It’s great that these notable short films are finding more screens to be soon on in movie houses and at home via disc and streaming (via vimeo). Short films are a low-budget way for new directors to show their talent and occasionally lead to bigger and better deals. On Friday, I posted capsule reviews of the five Academy Award nominees for Best Short Documentary, and here’s my take on the five nominees for Best Live Action Shorts—“a diverse and satisfying two-hour program,” says Peter Debruge in Variety. Notably, none of the nominees are from the United States.
- Aya (Israel and France, trailer) – the longest of the bunch, at 39 minutes, is the comic story of a chance encounter between a young woman waiting at the airport and an arriving passenger. Rotten Tomatoes provides this insightful sentence: “She, charmed Makraioto woven minute before it, is in no hurry to correct him their.” To decode this a bit, the man mistakes her for his assigned driver, and she is in no hurry to correct him there. Directed by Oded Binnun and Mihal Brezis.
- Boogaloo and Graham (UK, trailer) – These are the names of the chickens lively Belfast children Jamesy and Malachy have raised, delighted in their pets and dreaming of running a chicken farm, until changes in the family threaten to shake up the chicken coop. Reportedly, the charming 14-minute movie has received requests from 80 film festivals around the world to show it. Directed by Ronan Blaney and Michael Lennox. My sentimental pick for the Oscar.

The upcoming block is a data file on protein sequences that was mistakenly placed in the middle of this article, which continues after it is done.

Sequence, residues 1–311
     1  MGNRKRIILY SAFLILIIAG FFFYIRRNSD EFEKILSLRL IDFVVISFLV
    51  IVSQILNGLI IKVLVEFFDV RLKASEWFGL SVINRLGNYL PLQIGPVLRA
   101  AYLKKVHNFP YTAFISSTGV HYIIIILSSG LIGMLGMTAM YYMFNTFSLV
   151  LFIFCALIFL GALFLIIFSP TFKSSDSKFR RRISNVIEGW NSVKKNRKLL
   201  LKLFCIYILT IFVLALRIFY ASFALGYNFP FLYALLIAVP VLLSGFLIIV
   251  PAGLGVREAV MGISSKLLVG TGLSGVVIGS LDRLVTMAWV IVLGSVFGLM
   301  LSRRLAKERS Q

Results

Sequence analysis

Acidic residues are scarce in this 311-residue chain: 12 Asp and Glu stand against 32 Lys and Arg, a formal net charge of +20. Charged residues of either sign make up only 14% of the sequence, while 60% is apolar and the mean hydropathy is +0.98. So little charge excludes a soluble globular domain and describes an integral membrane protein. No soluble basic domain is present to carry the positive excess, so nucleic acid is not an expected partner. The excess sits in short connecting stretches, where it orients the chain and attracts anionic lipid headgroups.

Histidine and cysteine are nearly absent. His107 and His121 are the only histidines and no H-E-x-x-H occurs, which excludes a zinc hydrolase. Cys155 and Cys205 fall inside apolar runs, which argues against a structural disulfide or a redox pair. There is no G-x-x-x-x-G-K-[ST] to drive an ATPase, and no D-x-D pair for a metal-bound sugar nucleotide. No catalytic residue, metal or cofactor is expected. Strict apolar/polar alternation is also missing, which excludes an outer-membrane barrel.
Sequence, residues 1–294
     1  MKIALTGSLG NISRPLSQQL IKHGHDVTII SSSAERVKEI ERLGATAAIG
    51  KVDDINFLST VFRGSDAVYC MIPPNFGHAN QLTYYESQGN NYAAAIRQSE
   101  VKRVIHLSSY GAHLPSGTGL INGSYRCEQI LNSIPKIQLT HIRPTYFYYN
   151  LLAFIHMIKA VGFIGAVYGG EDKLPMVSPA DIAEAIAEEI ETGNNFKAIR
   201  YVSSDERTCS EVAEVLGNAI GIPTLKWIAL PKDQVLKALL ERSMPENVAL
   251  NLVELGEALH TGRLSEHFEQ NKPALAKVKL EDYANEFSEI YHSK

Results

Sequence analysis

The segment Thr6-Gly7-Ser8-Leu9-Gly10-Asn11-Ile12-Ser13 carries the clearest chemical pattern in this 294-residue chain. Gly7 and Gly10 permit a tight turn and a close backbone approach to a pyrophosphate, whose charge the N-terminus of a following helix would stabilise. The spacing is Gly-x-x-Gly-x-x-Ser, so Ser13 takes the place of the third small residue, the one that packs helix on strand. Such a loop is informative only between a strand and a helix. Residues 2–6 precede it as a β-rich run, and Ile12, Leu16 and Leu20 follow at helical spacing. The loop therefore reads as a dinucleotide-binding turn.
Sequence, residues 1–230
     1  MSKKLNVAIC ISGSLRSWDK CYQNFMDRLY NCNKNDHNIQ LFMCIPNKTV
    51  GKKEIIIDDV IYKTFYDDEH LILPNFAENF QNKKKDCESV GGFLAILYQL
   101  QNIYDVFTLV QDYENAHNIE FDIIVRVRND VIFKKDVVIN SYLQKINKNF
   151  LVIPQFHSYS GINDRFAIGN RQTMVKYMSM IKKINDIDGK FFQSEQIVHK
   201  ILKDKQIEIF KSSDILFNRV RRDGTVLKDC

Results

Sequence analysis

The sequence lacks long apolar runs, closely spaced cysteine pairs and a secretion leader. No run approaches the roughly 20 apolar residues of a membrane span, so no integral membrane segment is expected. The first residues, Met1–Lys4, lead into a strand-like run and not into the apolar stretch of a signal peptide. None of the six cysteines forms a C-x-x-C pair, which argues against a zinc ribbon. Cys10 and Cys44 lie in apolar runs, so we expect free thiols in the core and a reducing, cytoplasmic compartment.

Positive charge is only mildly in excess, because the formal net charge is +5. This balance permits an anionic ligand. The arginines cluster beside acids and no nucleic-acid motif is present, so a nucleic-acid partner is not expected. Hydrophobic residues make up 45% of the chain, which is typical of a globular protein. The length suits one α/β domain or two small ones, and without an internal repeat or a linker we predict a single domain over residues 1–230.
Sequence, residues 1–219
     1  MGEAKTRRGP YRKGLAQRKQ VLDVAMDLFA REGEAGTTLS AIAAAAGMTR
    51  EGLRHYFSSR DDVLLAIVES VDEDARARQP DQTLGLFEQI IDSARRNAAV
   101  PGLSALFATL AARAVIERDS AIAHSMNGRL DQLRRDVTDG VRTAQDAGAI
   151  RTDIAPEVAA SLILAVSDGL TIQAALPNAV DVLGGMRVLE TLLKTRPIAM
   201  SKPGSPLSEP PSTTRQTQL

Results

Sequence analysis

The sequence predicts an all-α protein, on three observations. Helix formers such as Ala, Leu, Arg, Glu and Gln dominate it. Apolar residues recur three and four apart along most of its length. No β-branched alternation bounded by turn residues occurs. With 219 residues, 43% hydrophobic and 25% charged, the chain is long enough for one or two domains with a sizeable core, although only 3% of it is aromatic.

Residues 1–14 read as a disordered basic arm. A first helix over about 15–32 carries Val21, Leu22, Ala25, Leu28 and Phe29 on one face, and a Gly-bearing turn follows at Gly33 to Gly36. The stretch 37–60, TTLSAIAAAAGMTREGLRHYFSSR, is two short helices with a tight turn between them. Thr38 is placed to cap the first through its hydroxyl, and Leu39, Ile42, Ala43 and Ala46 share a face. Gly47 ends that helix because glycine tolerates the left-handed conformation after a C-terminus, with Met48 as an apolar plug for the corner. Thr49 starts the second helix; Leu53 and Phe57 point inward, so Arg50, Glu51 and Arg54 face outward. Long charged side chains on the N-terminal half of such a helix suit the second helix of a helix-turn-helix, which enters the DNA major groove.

- Butter Lamp (France and China, trailer) – Nomadic Tibetan families pose for an itinerant photographer and his assistant in front of absurd and symbolic backgrounds, with the true background to the scene not revealed until the end. In only 15 minutes, this unconventional and memorable film captures the impact of globalization on Tibetans and the erosion of their traditional culture. Directed by Hu Wei.
- Parvaneh (Switzerland, trailer) – in this 25-minute film, an Afghan girl living in a Swiss refugee camp encounters bureaucratic difficulties when she tries to send money home to her ailing father. Only an unlikely friend can help. An award-winning student film, Swiss-Iranian Talkhon Hamzavi directed.
- The Phone Call (UK, trailer) – a shy woman working in a help line call center receives a call from a mystery man that will “change her life forever,” the movie’s promotion says, a “gather ye rosebuds” outcome only modestly hinted at. Featuring Sally Hawkins and Jim Broadbent, who handle the telephone call beautifully and movingly, with Edward Hogg and Prunella Scales. “You’ll wonder how it can do in 20 minutes what some full length features can’t in two hours,” says Casey Cipriani for Indiewire. Directed by Mat Kirkby. Perhaps the more likely Oscar recipient. [And the winner!]